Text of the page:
CSL, the Walter and Eliza Hall Institute (WEHI), and the University of Melbourne announced today they have secured funding to create a start-up incubator to support and grow early-stage Australian biotech companies.
The incubator, to be located at CSL’s new global corporate headquarters under construction in the world-leading Melbourne Biomedical Precinct, will support start-up companies to translate promising medical research into commercial outcomes.
It’s been made possible with financial and in-kind support from CSL – the world’s third largest biotech company – University of Melbourne and WEHI, plus a contribution from Breakthrough Victoria, an independent investment management company administering the Victorian Government’s landmark $2 billion Breakthrough Victoria Fund.
The incubator is scheduled to open to start-ups in 2023 and will be able to accommodate up to 40 early-stage companies from around Australia.
The incubator will be open to applications from small biotech companies who have engaged in early research and are seeking to take their discoveries to the next stage of development. In addition to affordable, state-of-the-art wet-lab facilities, equipment and office space, the incubator will provide a range of services, including commercialisation education programs, facilitated access to investors, industry mentoring and access to service providers.
Incubators reduce barriers to entry for start-ups through an affordable ‘one-stop shop’ that provides access to expert technical support and sophisticated technology platforms which can be expensive and cost-prohibitive to small companies. Start-ups that are incubated have a much higher five-year survival rate and accelerated growth trajectory compared with standalone entities.1
WEHI Director Professor Doug Hilton said the challenges research scientists face when they spin-out a company or biomedical start-up include skill-gaps in translating their research into commercial products.
“The Melbourne Biomedical Precinct is known for its internationally competitive, high-quality scientific outputs, but lags behind its global precinct peers when it comes to translating biotech inventions into spin-outs and commercial outcomes,” Professor Hilton said.
“This collaboration will help to build a generation of corporate and management-skilled scientists who have the knowledge and confidence to run a successful biomed or biotech company and raise the calibre and quantity of translational outputs from the Melbourne Biomedical Precinct.”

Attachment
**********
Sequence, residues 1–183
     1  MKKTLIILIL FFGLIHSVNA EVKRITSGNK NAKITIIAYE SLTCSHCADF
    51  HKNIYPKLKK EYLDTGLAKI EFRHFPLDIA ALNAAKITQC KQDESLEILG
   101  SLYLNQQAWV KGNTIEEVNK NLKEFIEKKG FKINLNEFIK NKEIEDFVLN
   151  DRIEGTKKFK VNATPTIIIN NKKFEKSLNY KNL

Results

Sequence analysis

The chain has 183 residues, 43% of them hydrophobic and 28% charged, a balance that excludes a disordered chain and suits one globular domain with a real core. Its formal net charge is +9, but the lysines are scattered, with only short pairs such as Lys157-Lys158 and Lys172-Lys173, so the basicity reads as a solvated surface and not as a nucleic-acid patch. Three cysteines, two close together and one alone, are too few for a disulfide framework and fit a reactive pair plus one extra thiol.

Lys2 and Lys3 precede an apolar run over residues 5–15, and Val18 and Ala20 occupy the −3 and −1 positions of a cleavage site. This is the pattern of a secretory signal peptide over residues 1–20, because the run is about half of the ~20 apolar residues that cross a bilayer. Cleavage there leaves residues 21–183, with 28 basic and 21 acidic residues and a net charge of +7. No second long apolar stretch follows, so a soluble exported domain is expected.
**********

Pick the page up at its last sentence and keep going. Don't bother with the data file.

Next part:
A vibrant ecosystem
The incubator will advance the Victorian biomedical ecosystem and boost Australia’s commercialisation outputs. Best-in-class incubators integrate into an effective external ecosystem, like the Melbourne Biomedical Precinct, which is as critical to success as the infrastructure and services it will provide.
University of Melbourne Deputy Vice-Chancellor (Research) Professor Jim McCluskey said the incubator would provide a strong innovative environment that will nurture biotech start-ups, attracting more local and international investors, talent and companies into research collaborations.
“Universities are critical to meeting the major social, economic, environmental and medical challenges impacting on our communities. The creation of this biotech incubator builds on more than a century of collaboration between CSL, WEHI and the University of Melbourne, strategically supported by State Government investment in translation of medical research, driving economic prosperity and impact for Victoria.”
“Bringing together talent, investment and research expertise in this way cements Australia’s reputation as leaders in biomedical education and research, working to improve the lives of many people around the world.”
The incubator will be the first and only incubator in Australia co-located with a leading biotechnology company.
CSL CEO Paul Perreault, said incubator residents would benefit from CSL’s onshore translational research and development (R&D) expertise and capacity as they co-mingle with employees at its state-of-the-art R&D hub, providing opportunities for cross pollination, learning and the sharing of ideas.
“As one of the world’s leading biotechnology companies, CSL is driven by our promise as a patient-focused organisation, so this partnership clearly aligns with our values and purpose. We are well positioned to support incubator residents, whose experience often lies purely within the lab, better understand commercial aspects of medicines development that may be foreign or new to them,” Mr Perreault said.
CSL Chief Scientific Officer Dr Andrew Nash said a thriving biomedical precinct would benefit us all.
“Formalising a place to nurture promising start-ups is a natural extension of our long-term support of and collaboration with many like-minded partners. We hope to see significant long-term health, social and R&D benefits from this initiative, including greater retention and upskilling of domestic research and development capabilities and an increase in commercial acumen of precinct researchers.”
Breakthrough Victoria CEO, Grant Dooley said: “This is Breakthrough Victoria’s inaugural investment. This project aims to provide a sustainable asset for decades by providing a catalyst to progress ideas to commercial outcomes.”
Located over two floors of CSL’s new corporate headquarters being built in the Melbourne Biomedical Precinct, the incubator will have one floor of purpose-built wet lab space and another for meetings and office space. There, the incubator will be embedded alongside seven floors of leading-edge laboratory and clinical manufacturing space supporting CSL’s own R&D program, in which the company invested more than US$1 billion globally the past fiscal year.
The incubator is expected to open in 2023 and welcomes residency applications from high-quality, early-stage start-ups from the precinct, across Australia and internationally.